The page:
Ilias Tsagklis

About Ilias Tsagklis

Ilias Tsagklis is a senior software engineer working in the telecom domain. He is an applications developer in a wide variety of applications/services. Ilias is co-founder and Executive Editor at Java Code Geeks.

Best Of The Week – 2011 – W29

Hello guys,

Time for the “Best Of The Week” links for the week that just passed. Here are some links that drew JavaCodeGeeks attention:

* Facebook trapped in MySQL ‘fate worse than death’: In this article the author argues that MySQL is posing a liability into Facebook’s growth and performance.This predicament is common among web startups that start small and grow to epic proportions. But NoSQL seems to also not be a viable solution. Enter NewSQL.

* 7 new cool features in Java 7: This article describes some of the new cool features that are provided in the forthcoming Java 7 release. Among them, Strings in switch Statements, Type Inference for Generic Instance Creation, Multiple Exception Handling Syntax and try-with-resources Statement.

* 101 Tips to MySQL Tuning and Optimization: For those of you working with MySQL, this is a good list of tips for tuning and optimizing your MySQL servers. The tips cover hardware and OS tuning, server configuration, schema optimization, queries optimization and backup procedure.

* JBoss AS7 Released: In case you haven’t already heard, JBoss AS 7 was released the previous week, being both EE6 Web Profile certified and OSGi 4.2 compliant. The biggest change is that the AS 7 stack has been modularised for the release, which enables selective startup of modules; those that aren’t used are not loaded into the runtime, which allows it to be one of the fastest starting containers today.

* Open source physics engines: This article introduces the use and basics of a physics engine, a simulator used to create a virtual environment that incorporates laws from the physical world. It also explores two options from the open source community, Box2D and Bullet. A good introduction for game programmers. Also check out our Android Game Development Tutorials.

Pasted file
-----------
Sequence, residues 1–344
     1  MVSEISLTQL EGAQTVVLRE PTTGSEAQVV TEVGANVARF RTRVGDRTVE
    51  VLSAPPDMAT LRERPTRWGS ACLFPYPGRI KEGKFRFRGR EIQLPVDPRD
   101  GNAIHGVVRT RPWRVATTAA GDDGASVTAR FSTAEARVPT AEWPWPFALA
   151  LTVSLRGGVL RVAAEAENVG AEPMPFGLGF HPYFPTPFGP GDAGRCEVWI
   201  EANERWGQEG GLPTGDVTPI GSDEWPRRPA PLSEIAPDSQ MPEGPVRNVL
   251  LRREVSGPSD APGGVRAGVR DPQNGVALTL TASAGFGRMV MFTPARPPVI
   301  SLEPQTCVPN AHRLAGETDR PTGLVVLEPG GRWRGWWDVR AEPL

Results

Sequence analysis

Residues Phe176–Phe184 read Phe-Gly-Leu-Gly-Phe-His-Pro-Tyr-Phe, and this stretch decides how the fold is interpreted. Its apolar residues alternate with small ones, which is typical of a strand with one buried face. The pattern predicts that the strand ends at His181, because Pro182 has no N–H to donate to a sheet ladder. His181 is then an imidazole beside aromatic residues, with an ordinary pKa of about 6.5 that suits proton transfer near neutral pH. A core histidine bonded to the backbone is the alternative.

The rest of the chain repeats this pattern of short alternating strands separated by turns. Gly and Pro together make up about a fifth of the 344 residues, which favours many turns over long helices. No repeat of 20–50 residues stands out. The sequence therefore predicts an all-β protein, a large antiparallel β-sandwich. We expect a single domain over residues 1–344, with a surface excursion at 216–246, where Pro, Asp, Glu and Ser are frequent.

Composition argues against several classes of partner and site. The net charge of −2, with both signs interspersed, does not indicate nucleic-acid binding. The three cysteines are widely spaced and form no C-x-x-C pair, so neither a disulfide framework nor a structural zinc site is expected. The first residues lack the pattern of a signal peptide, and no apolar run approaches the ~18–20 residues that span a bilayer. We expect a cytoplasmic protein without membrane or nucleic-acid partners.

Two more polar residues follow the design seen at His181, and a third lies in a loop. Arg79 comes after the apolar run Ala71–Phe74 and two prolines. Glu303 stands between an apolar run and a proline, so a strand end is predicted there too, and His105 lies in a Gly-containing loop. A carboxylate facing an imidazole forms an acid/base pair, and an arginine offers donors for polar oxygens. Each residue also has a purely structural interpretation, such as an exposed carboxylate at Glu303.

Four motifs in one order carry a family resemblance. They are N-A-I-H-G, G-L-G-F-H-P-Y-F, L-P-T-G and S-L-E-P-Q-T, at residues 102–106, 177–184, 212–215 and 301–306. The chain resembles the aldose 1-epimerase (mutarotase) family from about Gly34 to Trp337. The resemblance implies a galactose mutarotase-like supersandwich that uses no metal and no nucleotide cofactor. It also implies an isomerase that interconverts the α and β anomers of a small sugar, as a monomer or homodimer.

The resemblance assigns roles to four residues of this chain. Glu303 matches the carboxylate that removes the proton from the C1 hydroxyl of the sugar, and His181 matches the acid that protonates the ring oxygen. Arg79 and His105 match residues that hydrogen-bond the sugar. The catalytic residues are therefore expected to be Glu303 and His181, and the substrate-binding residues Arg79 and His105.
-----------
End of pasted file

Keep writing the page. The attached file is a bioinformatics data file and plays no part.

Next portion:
* VisualVM for Java Development: jVisualVM comes bundled with the JDK and provides a very efficient way of monitoring your Java applications. It allows you to view configuration information, dynamically monitor the application (GC activity, heap activity etc.), monitor CPU usage per thread, monitor memory usage, profile your application and analyze the output of a heap dump. What else can you ask?

* How much should you pay developers?: Joel Spolsky has talked a lot in the past about hiring and compensating developers. In this post he describes the basic principles regarding developer compensation in the Stack Exchange team and provides a guide with the detailed process.

* Hibernate Object Mapping for NoSQL DatastoresHibernate recently introduced support for NoSQL databases via a new framework named OGM (Object Grid Mapping). They started with Infinispan (another JBoss product) but they plan on supporting a bunch of other NoSQL solutions.

* Apache Thrift vs. Protocol Buffers: A comprehensive comparison between Apache’s Thrift and Google’s Protobuf for platform agnostic serialization. Features, performance, code quality, open-ness and documentation are all taken under account. Also check out our article Java Best Practices – High performance Serialization.

* Google+ is Built Using Tools You Can Use Too: Closure, Java Servlets, JavaScript, BigTable, Colossus, Quick Turnaround: This article discusses the stack used for building Google+. It consists of Closure (a suite of JavaScript tools), plain old Java servlets, Google’s own BigTable and Colossus (Google’s next generation file system) among others.

* Developing RESTful applications on JBoss AS 7: After getting introduced to JBoss AS 7, it is time to take it for a test drive. This is a straightforward guide on how to deploy REST applications on the brand new JBoss 7. First, the new JBoss modules approach is examined, then the Maven and Eclipse integration is explained and finally a sample RESTful web service is deployed on the server.

* Google Code Gets Git: With Git getting a lot of traction during the past years, Google Code introduced support for Git repositories, along with the existing Subversion and Mercurial ones. It is also possible for existing projects to switch over to Git repositories. Cool!

That’s all for this week. Stay tuned for more, here at JavaCodeGeeks.

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